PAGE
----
In 4 patients, AA worsened during the first 1 to 2 months after starting dupilumab, but it improved with time in the 2 patients who had further follow-up—and both patients had a SALT score of 0 at 12 months after starting dupilumab. Two patients with SALT scores of 0 when starting dupilumab were already receiving tofacitinib and were able to undergo dose reduction of the Janus kinase inhibitor without increased hair loss.
Exploring potential characteristics associated with a better response, Castelo-Soccio observed that all the patients who improved had moderate to severe AD when starting dupilumab. Compared to the nonresponders, the responders had a lower median age at AD diagnosis (6 years vs 13 years) and a longer median duration of AD (6 years vs 1 year).
“A previous report also found that patients whose AA responded to dupilumab had more severe and long-standing histories of AD,”3 Castelo-Soccio said.
AA is the most prevalent autoimmune disorder, and comorbidity of atopic disease and AA is not uncommon.4 An analysis limited to children with AA found that 26.6% had atopy.5
Castelo-Soccio said that standard therapy for AA in children includes topical steroids and topical sensitizers, along with selected use of intralesional triamcinolone. Systemic therapy is considered for children with extensive hair loss (> 30% to 50%) or for those with less area of involvement but who are experiencing significant quality-of-life impairment because of the disease.
“Ultimately, the decision to use systemic medications in children is made jointly with the family and child following a thorough discussion of the benefits and risks,” Castelo-Soccio said. “I always remind families that we are treating the child and not the parents or guardians. In addition, I emphasize that AA is a medical disease and should be treated like one but that the visibility of the disease creates an enormous psychological burden, and so care addressing this part of the medical disease is also needed.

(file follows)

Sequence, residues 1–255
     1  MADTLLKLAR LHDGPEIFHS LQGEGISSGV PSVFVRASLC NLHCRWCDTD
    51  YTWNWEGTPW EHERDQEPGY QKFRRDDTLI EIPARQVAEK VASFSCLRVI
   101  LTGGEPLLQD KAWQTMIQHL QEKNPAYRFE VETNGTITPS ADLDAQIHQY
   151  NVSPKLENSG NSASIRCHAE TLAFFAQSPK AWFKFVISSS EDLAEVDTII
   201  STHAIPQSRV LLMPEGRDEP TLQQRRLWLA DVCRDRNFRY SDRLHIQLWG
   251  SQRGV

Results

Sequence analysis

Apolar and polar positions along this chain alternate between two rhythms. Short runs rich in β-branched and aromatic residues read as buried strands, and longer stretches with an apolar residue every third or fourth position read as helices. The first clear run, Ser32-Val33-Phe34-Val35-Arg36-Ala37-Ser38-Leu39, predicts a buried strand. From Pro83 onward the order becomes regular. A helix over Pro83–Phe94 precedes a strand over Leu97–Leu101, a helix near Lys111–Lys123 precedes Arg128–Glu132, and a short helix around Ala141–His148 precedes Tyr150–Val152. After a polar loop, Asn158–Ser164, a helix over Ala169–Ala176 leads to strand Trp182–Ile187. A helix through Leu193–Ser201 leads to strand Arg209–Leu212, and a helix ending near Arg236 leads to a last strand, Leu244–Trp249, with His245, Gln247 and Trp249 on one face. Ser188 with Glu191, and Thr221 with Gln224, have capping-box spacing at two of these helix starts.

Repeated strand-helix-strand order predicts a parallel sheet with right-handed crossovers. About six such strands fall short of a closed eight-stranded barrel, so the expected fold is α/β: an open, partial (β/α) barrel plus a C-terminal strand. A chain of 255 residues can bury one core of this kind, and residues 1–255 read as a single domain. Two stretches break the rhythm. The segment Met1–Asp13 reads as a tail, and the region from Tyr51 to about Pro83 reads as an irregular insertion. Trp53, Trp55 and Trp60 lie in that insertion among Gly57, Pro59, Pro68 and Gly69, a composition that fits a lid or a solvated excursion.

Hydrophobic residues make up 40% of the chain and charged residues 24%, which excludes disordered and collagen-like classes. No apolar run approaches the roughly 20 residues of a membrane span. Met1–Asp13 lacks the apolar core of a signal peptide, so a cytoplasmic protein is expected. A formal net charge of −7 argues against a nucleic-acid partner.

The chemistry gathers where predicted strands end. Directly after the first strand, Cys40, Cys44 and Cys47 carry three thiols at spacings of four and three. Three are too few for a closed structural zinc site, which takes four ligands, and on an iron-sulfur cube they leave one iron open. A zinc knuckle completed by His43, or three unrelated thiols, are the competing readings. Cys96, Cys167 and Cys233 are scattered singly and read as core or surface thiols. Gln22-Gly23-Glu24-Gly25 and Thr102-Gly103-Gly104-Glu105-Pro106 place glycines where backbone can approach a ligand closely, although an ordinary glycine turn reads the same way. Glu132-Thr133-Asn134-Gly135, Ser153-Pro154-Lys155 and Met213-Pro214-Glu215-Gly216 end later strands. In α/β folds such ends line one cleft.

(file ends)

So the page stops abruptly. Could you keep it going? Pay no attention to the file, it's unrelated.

“The options for systemic therapy include steroids, methotrexate, Janus kinase inhibitors, or dupilumab. However, I do not think dupilumab is effective in children without an atopic component.”
Castelo-Soccio has no relevant financial interests to disclose.
1. McKenzie PL, Castelo-Soccio L. Dupilumab therapy for alopecia areata in pediatric patients with concomitant atopic dermatitis. J Am Acad Dermatol. 2021;84(6):1691-1694. doi:10.1016/j.jaad.2021.01.046
2. Treatment of alopecia areata (AA) with dupilumab in patients with and without atopic dermatitis (AD). ClinicalTrials.gov. Updated January 7, 2021. Accessed June 9, 2021. https://clinicaltrials.gov/ct2/show/NCT03359356
3. Jagielska D, Redler S, Brockschmidt FF, et al. Follow-up study of the first genome-wide association scan in alopecia areata: IL13 and KIAA0350 as susceptibility loci supported with genome-wide significance. J Invest Dermatol. 2012;132(9):2192–2197. doi:10.1038/jid.2012.129
4. Marks DH, Mesinkovska N, Senna MM. Cause or cure? review of dupilumab and alopecia areata. J Am Acad Dermatol. Published online June 13, 2019. doi:10.1016/j.jaad.2019.06.010
5. Villasante Fricke AC, Miteva M. Epidemiology and burden of alopecia areata: a systematic review. Clin Cosmet Investig Dermatol. 2015;8:397-403. doi:10.2147/CCID.S53985